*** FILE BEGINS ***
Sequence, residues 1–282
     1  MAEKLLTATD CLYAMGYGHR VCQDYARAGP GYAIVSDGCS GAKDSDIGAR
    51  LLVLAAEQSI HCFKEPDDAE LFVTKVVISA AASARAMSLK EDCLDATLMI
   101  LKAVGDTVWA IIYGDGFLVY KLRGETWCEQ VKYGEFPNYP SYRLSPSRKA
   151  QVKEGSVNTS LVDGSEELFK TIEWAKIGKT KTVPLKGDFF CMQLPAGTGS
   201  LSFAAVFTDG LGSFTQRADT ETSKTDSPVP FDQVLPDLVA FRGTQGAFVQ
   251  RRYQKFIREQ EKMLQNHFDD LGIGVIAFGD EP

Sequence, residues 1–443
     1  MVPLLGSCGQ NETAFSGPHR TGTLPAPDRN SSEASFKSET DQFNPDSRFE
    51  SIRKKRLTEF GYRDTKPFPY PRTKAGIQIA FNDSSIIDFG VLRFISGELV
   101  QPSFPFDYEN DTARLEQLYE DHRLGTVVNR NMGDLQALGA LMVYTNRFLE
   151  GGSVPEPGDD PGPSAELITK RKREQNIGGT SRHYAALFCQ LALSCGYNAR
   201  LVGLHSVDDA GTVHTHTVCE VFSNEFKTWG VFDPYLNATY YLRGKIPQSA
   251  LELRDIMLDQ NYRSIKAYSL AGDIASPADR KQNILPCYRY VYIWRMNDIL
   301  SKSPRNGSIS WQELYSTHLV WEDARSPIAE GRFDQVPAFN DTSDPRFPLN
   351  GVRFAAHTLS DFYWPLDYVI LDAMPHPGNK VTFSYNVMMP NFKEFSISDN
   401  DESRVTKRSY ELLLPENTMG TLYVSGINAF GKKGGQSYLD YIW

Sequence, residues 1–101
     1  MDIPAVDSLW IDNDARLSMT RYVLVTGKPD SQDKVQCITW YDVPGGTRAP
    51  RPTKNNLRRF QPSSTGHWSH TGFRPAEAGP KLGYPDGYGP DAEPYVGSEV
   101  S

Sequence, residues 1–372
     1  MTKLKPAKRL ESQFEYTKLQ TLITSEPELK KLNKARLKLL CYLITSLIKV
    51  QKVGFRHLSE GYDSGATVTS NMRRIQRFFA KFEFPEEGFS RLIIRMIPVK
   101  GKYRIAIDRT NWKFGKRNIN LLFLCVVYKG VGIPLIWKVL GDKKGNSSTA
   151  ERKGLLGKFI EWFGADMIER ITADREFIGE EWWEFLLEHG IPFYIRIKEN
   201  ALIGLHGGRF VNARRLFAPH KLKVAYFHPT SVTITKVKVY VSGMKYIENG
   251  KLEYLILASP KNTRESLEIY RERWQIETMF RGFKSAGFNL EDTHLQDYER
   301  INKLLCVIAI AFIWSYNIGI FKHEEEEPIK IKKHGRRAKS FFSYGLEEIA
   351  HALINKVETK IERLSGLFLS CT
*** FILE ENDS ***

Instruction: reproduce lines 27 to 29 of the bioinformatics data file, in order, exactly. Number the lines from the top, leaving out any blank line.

   201  ALIGLHGGRF VNARRLFAPH KLKVAYFHPT SVTITKVKVY VSGMKYIENG
   251  KLEYLILASP KNTRESLEIY RERWQIETMF RGFKSAGFNL EDTHLQDYER
   301  INKLLCVIAI AFIWSYNIGI FKHEEEEPIK IKKHGRRAKS FFSYGLEEIA